- So many of them end up being disappointed about the lack of opportunity, in terms of good jobs, after spending so much money and emotional energy in educating their children up to university level
- Although there is overwhelming evidence to support the fact that white working-class children are disproportionately under-represented in good schools and universities, that they are right at the bottom, in terms of education attainment, the case is that they are not necessarily disadvantaged when it comes to job opportunities later in life – relative to their level of education. At least not as much as black and other ethnic minorities are anyway. This is evident by reports from the Sutton Educational Trust.
Is it that black and white?
What I would say, first of all, is that this issue is presented too much as black and white. There are other aspects that are not highlighted by statistical evidence to support both sides of the argument. This includes the notion that white working-class children are classified as one group. It does not highlight what I have observed, which is that there is a significant difference between the attitudes and educational attainment of white young people whose parents are from eastern Europe in comparison to white British pupils. From what I have seen, children of people from eastern Europe are just as aspirational and as high achieving as the minority ethnic groups of Chinese, Indian and black Africans. Figures released show a slight difference within the white British groups of Irish, Scottish and English. I fully accept that, overwhelmingly, white British young people are under-represented when it comes to high educational attainment and places at the top universities.
On balance, I find it difficult to comprehend that anyone can justify that it is OK for donations that are specifically allocated to provide scholarship for black children to be accepted, but that it is wrong to accept donations for specifically targeting white working-class boys. What is good for the goose ought to be good for the gander. I accept that people in society must treat each other with respect and with the sensitivity that each group in society deserves; however, I do not accept that political correctness should stand in the way of helping any disadvantaged group.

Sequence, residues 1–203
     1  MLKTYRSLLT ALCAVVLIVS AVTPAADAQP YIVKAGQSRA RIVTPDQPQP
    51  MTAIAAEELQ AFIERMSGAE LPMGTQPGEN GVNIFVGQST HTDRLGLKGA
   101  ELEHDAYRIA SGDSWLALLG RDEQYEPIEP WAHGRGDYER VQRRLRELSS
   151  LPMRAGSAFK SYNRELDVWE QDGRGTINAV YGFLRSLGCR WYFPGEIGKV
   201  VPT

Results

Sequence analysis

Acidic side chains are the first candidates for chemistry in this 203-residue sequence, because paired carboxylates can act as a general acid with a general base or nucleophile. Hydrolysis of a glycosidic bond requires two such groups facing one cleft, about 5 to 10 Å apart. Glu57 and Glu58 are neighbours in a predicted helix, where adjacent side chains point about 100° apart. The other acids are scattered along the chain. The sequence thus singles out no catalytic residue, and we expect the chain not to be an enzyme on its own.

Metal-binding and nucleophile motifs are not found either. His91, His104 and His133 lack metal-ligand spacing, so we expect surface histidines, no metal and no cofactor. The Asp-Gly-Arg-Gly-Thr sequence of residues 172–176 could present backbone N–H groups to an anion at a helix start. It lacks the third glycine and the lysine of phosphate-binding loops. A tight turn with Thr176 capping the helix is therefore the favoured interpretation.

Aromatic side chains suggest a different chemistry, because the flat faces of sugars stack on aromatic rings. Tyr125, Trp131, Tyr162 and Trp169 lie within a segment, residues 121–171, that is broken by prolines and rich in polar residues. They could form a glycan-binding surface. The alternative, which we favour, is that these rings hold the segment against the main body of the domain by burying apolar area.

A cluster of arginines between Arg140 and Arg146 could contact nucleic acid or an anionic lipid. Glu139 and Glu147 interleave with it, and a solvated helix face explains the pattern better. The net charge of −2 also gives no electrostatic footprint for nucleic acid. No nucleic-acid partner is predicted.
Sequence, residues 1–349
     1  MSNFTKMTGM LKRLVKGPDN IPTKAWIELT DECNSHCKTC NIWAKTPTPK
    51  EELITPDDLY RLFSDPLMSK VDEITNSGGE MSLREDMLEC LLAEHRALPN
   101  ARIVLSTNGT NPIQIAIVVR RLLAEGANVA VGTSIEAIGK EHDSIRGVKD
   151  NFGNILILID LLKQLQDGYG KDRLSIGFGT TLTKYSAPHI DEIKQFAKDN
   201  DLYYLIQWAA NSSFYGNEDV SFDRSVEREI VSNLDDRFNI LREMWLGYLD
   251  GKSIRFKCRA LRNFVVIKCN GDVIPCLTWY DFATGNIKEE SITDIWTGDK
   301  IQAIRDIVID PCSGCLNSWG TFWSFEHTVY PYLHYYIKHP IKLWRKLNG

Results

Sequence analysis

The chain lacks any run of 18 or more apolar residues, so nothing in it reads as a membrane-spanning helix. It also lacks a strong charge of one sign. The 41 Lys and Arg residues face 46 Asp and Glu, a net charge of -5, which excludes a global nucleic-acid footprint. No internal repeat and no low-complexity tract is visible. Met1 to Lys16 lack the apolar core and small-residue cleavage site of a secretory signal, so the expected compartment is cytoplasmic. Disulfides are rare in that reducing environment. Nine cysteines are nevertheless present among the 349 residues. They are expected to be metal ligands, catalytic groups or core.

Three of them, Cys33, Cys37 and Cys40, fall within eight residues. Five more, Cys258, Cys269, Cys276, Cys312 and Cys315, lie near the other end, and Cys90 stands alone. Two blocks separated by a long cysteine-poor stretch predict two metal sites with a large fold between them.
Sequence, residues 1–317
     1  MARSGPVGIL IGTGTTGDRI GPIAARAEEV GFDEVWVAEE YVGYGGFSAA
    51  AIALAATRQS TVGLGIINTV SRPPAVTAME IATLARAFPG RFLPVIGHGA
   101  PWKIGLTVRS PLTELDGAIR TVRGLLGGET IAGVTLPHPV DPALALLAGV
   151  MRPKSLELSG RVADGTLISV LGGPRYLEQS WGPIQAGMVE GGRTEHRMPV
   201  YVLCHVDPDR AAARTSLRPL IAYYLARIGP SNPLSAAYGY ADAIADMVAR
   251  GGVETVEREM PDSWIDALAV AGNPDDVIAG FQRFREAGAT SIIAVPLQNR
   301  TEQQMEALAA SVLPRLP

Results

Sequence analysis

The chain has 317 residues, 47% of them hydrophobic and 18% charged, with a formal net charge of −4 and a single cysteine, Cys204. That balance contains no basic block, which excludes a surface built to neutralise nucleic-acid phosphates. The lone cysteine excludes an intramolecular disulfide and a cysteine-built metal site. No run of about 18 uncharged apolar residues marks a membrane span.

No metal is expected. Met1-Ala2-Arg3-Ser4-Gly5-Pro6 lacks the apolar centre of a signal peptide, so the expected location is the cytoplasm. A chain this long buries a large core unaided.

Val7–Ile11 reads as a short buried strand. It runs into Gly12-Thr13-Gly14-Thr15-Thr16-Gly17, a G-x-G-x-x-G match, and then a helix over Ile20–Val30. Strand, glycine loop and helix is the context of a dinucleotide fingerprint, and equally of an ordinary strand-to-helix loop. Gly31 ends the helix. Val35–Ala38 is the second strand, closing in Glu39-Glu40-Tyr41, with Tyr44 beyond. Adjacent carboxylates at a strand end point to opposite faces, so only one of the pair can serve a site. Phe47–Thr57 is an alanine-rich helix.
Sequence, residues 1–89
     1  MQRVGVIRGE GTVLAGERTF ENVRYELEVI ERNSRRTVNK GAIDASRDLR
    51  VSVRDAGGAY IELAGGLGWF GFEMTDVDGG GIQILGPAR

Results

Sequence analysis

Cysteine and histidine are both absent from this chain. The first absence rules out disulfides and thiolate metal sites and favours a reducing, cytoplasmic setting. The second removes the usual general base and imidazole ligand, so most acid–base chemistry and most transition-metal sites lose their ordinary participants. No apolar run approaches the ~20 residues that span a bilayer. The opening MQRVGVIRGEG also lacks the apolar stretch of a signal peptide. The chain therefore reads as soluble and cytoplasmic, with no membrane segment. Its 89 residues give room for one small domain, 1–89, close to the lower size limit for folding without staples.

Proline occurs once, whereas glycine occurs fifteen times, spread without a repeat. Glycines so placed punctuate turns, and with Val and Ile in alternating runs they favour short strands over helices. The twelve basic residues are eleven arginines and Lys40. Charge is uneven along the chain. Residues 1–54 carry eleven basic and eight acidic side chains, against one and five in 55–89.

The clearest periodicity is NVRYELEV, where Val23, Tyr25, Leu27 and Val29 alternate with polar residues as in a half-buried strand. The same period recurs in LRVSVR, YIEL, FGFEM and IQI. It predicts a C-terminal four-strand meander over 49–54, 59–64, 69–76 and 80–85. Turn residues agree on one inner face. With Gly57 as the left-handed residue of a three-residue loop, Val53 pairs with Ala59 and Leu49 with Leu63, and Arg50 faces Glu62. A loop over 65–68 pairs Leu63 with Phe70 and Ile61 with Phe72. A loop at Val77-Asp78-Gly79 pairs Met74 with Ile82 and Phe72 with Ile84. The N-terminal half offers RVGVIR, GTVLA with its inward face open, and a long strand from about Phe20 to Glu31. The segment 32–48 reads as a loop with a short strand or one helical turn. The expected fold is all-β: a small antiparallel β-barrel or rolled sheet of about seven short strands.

I am not at all a fan of positive discrimination, but I think that, in this instance, Sir Bryan Thwaites is correct in what he has specified – that his money be used to target and provide good education for white boys from the working-class community.
What I would say, however, is that whilst I welcome this sort of brave move by philanthropists, more time should also be spent to educate parents about the merits of education. There are other hidden reasons why people from a particular demographic feel uncomfortable in an environment they consider does not represent them. Some of the things I’m speaking about are the way people speak English and their hobbies and so on.
More should be done to try and encourage integration in society. Nowadays, sport is one way of doing that, as almost all private schools play football, and not just boys, even girls are now playing football as well! This was not the case 30 or 40 years ago, when football was played by state comprehensives and private schools and mainly grammar schools played rugby and hockey. Also, more state schools now play hockey than was the case three to four decades ago.
I’m not going to delude myself by saying that we will reach the state of utopia, where everyone will do everything with everyone, and all schools will send the same proportion of pupils to Oxford and Cambridge. Every society has some sort of elitism, as it is the natural way of existence in humans and in other animals. As long as there is fairness and there is opportunity for everyone to realistically aspire and achieve, I consider that reasonable.
What we ought to have is fairness in society and a genuine encouragement and attempts to reduce the height of the barrier that exists for social mobility.